Thousands of people made homeless by Italy's deadliest earthquake in 30 years celebrated a somber Easter on Sunday. Six days after the quake struck and with the death toll now standing at 294, masses were held in makeshift chapels set up in tent cities. The Italian Prime Minister Silvio Berlusconi traveled to the devastated area again on Sunday. He has promised not to abandon the people affected by the quake.
In the more than 30 tent cities hosting thousands of people made homeless by last Monday's 6.3 magnitude earthquake, priests offered communion wafers at makeshift altars. The mood this Easter in the Abruzzo region was somber as many prayed for relatives and friends they lost to the quake.
Aid workers distributed brightly wrapped chocolate Easter eggs to cheer up the children and their distraught families. Traditional Easter meals of lamb were organized in the camps and Italian dove-shaped Easter cake was also handed out.
Prime Minister Silvio Berlusconi on Sunday declared the emergency phase over but said it would be months before most of the people displaced will know if they can go back to their homes.
Prosecutors are investigating why so many modern buildings were flattened by the quake and whether flawed construction materials were to blame.
Mr. Berlusconi attended a mass for rescuers and volunteers at a police academy in L'Aquila on Easter Sunday and complimented them for their work.In this occasion, he said, we certainly took a step forward to make all of us feel we belong to the same country and we can be proud of our generosity and the assistance we have provided to all these people. I believe I can speak for the whole nation when I say this and compliment you for your work.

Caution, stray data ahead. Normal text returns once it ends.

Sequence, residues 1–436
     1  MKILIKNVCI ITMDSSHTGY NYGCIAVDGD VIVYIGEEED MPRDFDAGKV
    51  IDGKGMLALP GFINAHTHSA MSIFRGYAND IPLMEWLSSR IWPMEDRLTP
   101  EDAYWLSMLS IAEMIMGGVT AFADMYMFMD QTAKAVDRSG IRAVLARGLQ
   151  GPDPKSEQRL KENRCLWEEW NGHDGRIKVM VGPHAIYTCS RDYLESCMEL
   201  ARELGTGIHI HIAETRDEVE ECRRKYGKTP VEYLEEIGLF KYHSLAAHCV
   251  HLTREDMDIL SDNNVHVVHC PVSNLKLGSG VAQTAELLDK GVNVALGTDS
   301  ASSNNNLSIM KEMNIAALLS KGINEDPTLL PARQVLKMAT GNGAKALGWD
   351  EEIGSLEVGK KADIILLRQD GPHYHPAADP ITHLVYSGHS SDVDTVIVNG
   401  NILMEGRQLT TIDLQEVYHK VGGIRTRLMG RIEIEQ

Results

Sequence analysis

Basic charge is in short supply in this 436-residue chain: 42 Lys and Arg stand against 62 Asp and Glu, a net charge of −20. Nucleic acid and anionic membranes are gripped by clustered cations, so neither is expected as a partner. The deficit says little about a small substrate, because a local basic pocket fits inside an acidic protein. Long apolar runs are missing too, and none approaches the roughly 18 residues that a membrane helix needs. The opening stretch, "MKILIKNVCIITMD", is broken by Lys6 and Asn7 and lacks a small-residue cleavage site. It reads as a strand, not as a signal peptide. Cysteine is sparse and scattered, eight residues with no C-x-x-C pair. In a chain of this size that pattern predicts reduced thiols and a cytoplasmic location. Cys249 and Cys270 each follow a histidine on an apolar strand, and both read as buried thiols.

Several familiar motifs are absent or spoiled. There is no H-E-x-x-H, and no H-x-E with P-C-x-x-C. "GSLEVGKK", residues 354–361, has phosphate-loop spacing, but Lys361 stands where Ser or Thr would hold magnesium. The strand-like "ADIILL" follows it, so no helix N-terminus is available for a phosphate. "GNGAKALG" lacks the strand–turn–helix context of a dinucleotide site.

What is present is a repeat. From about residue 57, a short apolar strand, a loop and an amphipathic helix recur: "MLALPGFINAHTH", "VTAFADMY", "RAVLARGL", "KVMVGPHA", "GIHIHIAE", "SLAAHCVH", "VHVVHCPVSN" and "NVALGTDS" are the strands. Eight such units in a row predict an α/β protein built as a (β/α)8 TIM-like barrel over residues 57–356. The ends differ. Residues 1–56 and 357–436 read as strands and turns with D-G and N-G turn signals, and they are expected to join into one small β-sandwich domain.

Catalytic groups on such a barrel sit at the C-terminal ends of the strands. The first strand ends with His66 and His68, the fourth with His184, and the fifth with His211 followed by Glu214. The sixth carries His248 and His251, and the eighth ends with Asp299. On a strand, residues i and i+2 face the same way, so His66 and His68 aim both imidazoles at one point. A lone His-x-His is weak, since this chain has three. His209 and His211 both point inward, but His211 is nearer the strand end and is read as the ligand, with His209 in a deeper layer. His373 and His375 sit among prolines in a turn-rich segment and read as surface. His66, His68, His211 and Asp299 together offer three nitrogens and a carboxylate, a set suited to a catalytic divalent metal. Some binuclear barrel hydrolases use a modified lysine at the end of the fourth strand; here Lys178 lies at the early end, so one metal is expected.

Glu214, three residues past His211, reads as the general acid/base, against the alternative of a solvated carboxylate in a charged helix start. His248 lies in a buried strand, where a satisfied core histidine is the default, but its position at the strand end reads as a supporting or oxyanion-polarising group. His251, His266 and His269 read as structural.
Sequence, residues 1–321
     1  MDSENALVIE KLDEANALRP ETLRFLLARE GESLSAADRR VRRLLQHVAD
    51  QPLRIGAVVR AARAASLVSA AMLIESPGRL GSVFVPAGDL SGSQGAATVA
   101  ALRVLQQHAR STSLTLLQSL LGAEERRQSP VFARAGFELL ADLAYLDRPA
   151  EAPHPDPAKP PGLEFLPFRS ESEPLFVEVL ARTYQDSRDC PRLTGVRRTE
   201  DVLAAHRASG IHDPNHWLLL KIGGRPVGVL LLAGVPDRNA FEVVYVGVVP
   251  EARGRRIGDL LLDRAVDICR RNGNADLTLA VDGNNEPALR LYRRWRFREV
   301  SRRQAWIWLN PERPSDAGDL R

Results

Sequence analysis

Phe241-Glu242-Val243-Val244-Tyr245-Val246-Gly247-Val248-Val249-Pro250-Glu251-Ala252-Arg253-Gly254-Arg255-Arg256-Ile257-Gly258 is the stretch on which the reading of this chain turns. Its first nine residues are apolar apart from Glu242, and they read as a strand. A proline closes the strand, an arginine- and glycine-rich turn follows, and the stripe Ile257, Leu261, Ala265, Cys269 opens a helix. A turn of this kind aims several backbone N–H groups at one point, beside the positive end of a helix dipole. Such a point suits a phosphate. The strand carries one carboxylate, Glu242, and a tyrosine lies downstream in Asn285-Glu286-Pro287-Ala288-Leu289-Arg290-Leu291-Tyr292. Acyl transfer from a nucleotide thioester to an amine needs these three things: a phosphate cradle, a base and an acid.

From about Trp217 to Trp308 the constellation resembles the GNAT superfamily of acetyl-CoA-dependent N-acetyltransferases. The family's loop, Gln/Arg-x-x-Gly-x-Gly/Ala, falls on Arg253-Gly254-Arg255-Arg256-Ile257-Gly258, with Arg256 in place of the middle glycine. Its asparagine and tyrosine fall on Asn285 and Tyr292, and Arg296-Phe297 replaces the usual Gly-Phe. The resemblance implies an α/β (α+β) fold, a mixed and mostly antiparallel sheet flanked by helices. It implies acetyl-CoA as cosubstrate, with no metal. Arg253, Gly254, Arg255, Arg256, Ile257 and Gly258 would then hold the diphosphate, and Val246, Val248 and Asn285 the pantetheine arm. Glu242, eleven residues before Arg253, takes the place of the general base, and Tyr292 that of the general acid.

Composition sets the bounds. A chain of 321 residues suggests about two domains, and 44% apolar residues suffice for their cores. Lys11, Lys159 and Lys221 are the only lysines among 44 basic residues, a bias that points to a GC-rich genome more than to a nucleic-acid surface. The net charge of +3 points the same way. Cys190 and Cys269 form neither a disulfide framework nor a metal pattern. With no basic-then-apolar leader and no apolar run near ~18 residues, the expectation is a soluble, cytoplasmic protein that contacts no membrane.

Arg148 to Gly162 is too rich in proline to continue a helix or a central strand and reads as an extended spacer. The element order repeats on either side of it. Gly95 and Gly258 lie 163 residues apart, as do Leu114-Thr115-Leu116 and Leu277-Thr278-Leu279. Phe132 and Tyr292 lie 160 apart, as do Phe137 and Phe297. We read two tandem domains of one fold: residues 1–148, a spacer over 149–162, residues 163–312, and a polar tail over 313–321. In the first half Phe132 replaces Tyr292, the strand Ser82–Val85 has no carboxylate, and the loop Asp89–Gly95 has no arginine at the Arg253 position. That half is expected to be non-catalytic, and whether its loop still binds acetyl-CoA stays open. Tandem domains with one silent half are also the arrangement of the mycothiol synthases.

Berlusconi added that everything possible would be done to get people out of tents in the shortest possible time.
The search for possible quake survivors has now ended and officials said that no one remains officially missing. But the possibility that dead bodies may still emerge as the rubble is cleared is not being ruled out.
One person died in the hospital Sunday, raising the death toll to 294. And six victims were being buried, two days after a collective funeral was held for more than 200 people.
People prayed on Easter Sunday and tried to find comfort in religion. But the aftershocks in the region continue and residents remain nervous.
In his Easter greetings to Italians, Pope Benedict urged survivors not to lose hope. He has said he would visit the stricken area after Easter Sunday.